In many parts of the world a reliable internet connection is hard to come by. Ethernet is essentially non-existent and WiFi is king. As any digital nomad can testify, this is ‘good enough’ for doing productive work.
Unfortunately not all WiFi connections work perfectly all the time. They’re fraught with unexpected problems including dropping out entirely, abruptly killing connections, and running into connection limits.
Thankfully with a little knowledge it is possible to regain productivity that would otherwise be lost to a flaky internet connection. These techniques are applicable to coffee shops, hotels, and other places with semi-public WiFi.
Always have a backup connection
Depending on a WiFi connections as your sole source of connectivity is a losing proposition. If all you’re doing are optional tasks it can work, although critical tasks demand a backup source should the primary fail.
This usually takes the shape of a cellular data connection. I USB or WiFi tether my laptop to my cell phone. This is straightforward in your home country, where you have a reliable data connection already. If working from another country it is advisable to get a local prepaid SIM card with data plan. These are usually inexpensive and never require a contract. Almost all Android devices support this behavior already.
If you’re too lazy to get a local SIM card, or are not in a country long enough to benefit from one (I usually use 1 full week as the cutoff), T-Mobile US’s post-paid plans offer roaming data in other countries. This is only EDGE (2.5G) connectivity, but is still entirely usable if you’re careful and patient with the connection.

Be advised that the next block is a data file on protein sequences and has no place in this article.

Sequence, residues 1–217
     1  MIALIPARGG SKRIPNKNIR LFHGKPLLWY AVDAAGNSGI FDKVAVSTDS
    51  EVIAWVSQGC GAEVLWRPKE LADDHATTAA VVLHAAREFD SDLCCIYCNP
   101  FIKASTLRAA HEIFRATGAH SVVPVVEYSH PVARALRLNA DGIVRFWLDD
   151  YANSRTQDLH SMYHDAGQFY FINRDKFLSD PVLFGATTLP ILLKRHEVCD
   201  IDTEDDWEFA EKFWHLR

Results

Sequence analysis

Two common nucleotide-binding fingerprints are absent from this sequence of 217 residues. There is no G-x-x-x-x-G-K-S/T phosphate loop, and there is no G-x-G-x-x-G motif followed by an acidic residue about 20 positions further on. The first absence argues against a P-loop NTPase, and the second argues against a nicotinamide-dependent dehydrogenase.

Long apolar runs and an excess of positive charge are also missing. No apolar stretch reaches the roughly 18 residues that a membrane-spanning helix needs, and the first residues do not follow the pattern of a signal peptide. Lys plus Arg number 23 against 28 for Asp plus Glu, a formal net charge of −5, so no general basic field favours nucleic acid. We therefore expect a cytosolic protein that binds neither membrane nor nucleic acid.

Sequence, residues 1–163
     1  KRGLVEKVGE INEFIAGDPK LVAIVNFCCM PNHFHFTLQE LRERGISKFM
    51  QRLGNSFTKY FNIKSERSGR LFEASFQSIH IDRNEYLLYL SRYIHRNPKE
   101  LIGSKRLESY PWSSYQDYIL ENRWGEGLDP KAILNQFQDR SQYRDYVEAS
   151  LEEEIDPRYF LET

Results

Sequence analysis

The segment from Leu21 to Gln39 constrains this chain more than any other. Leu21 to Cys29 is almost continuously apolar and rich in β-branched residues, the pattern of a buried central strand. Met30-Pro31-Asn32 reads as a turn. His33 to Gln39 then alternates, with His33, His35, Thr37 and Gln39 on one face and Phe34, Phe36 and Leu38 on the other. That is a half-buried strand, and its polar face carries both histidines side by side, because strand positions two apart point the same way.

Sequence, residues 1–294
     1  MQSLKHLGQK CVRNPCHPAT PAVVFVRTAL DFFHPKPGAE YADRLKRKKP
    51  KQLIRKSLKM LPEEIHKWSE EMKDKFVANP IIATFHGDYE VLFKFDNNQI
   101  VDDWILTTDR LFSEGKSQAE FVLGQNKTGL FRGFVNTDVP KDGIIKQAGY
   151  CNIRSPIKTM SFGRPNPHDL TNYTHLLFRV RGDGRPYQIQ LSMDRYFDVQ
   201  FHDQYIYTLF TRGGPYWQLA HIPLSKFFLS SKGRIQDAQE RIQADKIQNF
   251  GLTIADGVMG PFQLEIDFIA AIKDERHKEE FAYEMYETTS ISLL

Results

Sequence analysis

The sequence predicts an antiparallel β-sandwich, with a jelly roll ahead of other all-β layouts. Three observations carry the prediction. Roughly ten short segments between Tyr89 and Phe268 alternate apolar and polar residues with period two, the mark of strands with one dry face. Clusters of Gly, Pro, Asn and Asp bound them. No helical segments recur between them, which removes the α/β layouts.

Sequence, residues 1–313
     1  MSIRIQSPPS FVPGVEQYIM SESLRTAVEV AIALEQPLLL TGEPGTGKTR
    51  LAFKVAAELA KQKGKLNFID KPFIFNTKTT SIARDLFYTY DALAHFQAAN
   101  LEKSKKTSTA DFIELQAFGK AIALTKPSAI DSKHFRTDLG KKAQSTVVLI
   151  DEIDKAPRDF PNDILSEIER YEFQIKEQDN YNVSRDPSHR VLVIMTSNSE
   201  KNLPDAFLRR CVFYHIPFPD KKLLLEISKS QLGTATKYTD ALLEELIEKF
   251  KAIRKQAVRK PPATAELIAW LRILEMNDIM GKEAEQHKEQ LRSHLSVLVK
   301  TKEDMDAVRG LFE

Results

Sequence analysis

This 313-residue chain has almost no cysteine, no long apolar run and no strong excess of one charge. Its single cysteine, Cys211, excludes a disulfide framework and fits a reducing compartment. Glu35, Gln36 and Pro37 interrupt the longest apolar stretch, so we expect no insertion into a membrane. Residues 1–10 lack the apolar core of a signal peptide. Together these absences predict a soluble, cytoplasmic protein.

Reducing background data
Some of the major applications that you’re using do updates in the background, including Firefox and Chrome. They can detect that your computer is connected to an internet connection, and will attempt to do updates anytime. Obviously if you’re using a connection with limited bandwidth, this can ruin the experience for everybody (including yourself).
You can disable this feature in Firefox by navigating to Edit -> Preferences -> Advanced -> Update, and switching Firefox Updates to Never check for updates.
Your operating system might do this as well, so it is worth investigating so you can disable it.
Mosh: The Mobile Shell
If you’re a command-line junkie or a keyboard cowboy, you’ll usually spend a lot of time SSHing into other servers. Mosh is an application like SSH that is specifically designed for unreliable connections. It allows some conveniences like resume-after-sleep even if your connection changes, and local echo so that you can see/revise your input even if the other side is non-responsive. There are some known security concerns with using Mosh, so I’ll leave it as an exercise to the reader if they feel safe using it.